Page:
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$360, is well below an entry level bike. You can get a cheap walmart bike and put slick tires on it. It will be fast for what you are doing and will be an great bike to train on. I have a dual suspension walmart bike like this https://www.canadiantire.ca/AST/brows....jsp?locale=en it is actually really fast, you can easily average 30kph on it.
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Old 11-29-11, 11:02 PM
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Look for a steel chromoly touring road bike with the 3 chain rings up front. they come in 15 speed , 18 speed , 21 speed. they have the same kind of gearing as mountain bikes , but the speed of a road bike. The lower gears will make hill riding a snap. Try to find a bike that is 25 lbs or lighter, which shouldn't be to hard, since most touring bikes are close to that. Stick with steel because its strongest, and best price to buy. Japanese bikes from the 80's were really good, like Univega, Panasonic,Fuji, ect. Treks were very good as well.
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Old 11-29-11, 11:08 PM
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Location, location, location! That matters a lot!!!!! My bike market.. 360 yeah your not gonna get much some places you can find some nice CL gems for that. Where you at?
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Old 11-29-11, 11:53 PM
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I really think you can get an old Caad for R500 Cannondale for that. In fact I know you can because I paid less than what you've got for a late 90's R500 with complete Shimano 600 components. It's still a nice bike. Shimano 600 was the Ultegra of it's day and it still is a nice group. Drive a hard bargain and you can sell the bike in a year or two without losing much or any money. Don't get me wrong, there is something really nice about a new bike, but a bike in that price range will be heavy, sluggish and have coarse, low quality components. Resale value will be poor as well.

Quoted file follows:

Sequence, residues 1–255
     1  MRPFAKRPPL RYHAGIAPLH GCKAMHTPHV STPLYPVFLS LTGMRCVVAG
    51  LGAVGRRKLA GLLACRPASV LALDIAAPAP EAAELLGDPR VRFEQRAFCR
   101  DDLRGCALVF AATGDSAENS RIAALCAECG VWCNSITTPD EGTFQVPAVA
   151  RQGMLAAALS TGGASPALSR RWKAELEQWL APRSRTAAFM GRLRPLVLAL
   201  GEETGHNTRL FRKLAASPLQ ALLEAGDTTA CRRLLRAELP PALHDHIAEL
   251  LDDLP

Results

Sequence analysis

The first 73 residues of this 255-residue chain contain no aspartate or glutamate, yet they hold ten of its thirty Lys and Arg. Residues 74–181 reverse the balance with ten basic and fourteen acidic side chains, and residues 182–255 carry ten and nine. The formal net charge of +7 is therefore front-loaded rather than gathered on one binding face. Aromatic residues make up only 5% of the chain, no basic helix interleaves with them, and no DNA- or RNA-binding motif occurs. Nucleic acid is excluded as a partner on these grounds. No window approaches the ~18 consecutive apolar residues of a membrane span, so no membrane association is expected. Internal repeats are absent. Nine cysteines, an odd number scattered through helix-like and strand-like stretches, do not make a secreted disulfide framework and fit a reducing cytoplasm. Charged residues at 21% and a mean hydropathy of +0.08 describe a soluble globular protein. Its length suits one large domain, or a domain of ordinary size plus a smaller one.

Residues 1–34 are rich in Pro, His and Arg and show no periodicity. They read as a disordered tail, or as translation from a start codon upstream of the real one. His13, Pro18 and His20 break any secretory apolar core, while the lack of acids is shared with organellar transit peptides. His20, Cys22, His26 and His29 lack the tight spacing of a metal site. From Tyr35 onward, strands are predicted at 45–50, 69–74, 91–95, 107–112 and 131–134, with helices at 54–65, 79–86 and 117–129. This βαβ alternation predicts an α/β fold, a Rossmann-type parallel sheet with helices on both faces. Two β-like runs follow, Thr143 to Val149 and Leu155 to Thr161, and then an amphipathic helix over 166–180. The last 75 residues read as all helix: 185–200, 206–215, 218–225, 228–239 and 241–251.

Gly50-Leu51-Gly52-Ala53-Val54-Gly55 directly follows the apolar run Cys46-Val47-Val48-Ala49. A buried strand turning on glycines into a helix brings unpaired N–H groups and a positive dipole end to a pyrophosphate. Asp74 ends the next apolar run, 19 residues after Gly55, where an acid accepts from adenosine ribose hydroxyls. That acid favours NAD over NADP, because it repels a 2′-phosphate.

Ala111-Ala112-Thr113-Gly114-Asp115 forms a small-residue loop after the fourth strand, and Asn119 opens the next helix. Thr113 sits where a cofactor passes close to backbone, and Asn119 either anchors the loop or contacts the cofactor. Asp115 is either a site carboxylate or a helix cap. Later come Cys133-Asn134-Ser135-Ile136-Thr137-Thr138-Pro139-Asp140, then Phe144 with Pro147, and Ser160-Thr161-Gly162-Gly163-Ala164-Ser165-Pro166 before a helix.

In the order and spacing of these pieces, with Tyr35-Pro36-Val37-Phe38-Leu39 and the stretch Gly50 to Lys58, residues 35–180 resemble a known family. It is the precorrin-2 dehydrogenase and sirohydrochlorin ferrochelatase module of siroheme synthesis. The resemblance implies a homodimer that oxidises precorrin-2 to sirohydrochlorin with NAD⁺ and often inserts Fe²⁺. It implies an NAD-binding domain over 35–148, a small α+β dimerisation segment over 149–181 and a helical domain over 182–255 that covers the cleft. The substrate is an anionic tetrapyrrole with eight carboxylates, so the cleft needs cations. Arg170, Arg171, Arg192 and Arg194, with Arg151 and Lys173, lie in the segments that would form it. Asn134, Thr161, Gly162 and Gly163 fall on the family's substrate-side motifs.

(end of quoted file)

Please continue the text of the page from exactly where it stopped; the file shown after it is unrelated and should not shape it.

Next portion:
Trek, Centurian and Raleigh also made good quality road bikes that should be available in your price range as well.

Last edited by lhorn; 11-30-11 at 12:06 AM.
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Old 11-29-11, 11:53 PM
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For $360 you can find a decent older steel roadie that should prove fine for your daily school commutes. Since you're 5'5" you would be looking at a 50-52cm. I'd suggest you just don't buy anything that's too rusty or says "fixer upper"
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Old 11-30-11, 07:11 AM
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I'd be looking at 80's and 90's steel frames. While you can still get a Trek for that money, the Japanese bikes - Centurion, Bridgestone, Panasonic, Miyata, Fuji can be found for less money. I found a Miyata 310 7-speed for $40. Put new cables, tires/tubes and bartape on it and it was good to go.

The Classic and Vintage forum has a lot of threads on used bikes.

The Mechanics forum is for all those "how do I fix this?" questions.

Good luck.
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Old 11-30-11, 09:10 AM
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Craigslist should get you a decent bike. For example, I've got a three year old Giant OCR1 (no, it's not your size and this is not an ad!) that I've replaced. This is a pretty decent Shimano 105-equipped Al road bike in excellent condition and I doubt I'll ask more than $550 or $500 for it. It's winter, the economy stinks, demand is down. Shop hard. good luck
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Old 11-30-11, 09:25 AM
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+1 for Craigslist. In my area you can find decent 5-10 year old aluminum road bikes with Sora level components (i.e. shifters integrated into the brake levers) in your price range.

If you are OK with older bikes with downtube shifters, you can find them all day long for under $200.
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Old 11-30-11, 10:29 AM
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The problem most of you guys don't seem to realize is that he's 5'5". It's very hard to find used road bikes in a size appropriate for a shorter, male rider.

OP, where are you located? You're going to face an uphill battle to find the bike you're looking for at that price point, I'm afraid. Most used bikes that you'll find will be too big for you.